Upon the midnight breezes came. There was no portent in the sky,

No shadow on the round bright sun; With light, and mirth, and melody,

The long fair summer-days came on. We were a happy people then,

Rejoicing in our hunter-mood;
No foot-prints of the pale-faced men

Had marred our forest-solitude.
The land was ours—this glorious land-

With all its wealth of wood and streamsOur warriors strong of heart and hand

Our daughters beautiful as dreams. When wearied, at the thirsty noon,

We knelt us where the spring gushed up, To taste our Father's blessed boon

Unlike the white man's poison-cup, There came unto my father's hut

A wan, weak creature of distress; The red man's door is never shut

Against the lone and shelterless; And when he knelt before his feet,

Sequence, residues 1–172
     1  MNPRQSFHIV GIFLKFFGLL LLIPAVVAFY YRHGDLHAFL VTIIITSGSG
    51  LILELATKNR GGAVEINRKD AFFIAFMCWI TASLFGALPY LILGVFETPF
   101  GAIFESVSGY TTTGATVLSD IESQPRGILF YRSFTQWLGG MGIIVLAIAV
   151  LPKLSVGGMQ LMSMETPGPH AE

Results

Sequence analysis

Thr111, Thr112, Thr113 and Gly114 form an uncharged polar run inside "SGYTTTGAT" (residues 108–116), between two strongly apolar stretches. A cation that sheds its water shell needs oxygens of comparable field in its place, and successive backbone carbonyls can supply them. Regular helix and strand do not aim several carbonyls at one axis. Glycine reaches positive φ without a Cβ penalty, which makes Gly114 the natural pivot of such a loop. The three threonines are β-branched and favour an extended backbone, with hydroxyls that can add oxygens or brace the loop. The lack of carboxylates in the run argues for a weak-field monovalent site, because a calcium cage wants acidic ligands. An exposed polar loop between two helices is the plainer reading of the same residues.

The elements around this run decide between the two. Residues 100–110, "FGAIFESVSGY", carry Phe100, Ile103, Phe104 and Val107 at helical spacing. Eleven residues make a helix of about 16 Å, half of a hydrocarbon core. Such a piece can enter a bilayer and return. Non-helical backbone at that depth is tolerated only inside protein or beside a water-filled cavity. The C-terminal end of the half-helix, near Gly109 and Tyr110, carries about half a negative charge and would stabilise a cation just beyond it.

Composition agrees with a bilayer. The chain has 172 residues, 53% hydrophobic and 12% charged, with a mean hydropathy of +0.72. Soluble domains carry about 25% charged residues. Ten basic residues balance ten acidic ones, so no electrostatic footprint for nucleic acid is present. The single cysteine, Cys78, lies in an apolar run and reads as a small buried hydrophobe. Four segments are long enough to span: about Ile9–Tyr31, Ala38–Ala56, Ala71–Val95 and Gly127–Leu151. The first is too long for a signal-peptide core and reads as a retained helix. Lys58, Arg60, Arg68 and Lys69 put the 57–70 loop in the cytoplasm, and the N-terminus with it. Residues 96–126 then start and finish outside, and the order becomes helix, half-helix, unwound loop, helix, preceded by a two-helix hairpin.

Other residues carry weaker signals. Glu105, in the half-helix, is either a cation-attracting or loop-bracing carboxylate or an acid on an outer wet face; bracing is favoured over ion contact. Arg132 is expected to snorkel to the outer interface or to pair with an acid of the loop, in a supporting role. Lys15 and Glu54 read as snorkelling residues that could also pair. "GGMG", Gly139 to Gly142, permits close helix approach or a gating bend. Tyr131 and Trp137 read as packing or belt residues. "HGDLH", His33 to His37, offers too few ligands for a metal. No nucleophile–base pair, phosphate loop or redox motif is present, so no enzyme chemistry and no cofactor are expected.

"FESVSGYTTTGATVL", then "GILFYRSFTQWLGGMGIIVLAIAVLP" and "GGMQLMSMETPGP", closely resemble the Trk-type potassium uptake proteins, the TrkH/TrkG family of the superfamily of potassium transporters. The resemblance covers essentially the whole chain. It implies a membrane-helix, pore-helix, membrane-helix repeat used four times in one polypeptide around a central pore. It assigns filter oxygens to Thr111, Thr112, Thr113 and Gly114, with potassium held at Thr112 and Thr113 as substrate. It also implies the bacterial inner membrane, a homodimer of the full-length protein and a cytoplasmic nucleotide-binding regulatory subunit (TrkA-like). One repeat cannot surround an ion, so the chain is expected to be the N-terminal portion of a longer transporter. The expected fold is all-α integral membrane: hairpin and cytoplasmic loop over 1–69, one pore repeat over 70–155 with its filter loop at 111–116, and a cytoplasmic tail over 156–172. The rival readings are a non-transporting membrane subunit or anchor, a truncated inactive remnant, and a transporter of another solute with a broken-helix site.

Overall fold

My father led the stranger in;
He gave him of his hunter-meat

Alas! it was a deadly sin!
The stranger's voice was not like ours-

His face at first was sadly pale,
Anon 'twas like the yellow flowers,

Which tremble in the meadow-gale. And when he laid him down to die,

And murmured of his father-land, My mother wiped his tearful eye,

My father held his burning hand!

He died at last-the funeral yell

Rang upward from his burial sod, And the old Powwah knelt to tell

The tidings of the white man's God! The next day came—my father's brow

Grew heavy with a fearful pain;
He did not take his hunting-bow-

He never saw the woods again!
He died even as the white man died -

My mother, she was smitten too-
My sisters vanished from my side,

Like diamonds from the sun-lit dew. And then we heard the Powwahs say,

That God hath sent his angel forth, To sweep our ancient tribes away,

And poison and unpeople earth. And it was so—from day to day

The spirit of the plague went on,
And those at morning blithe and gay,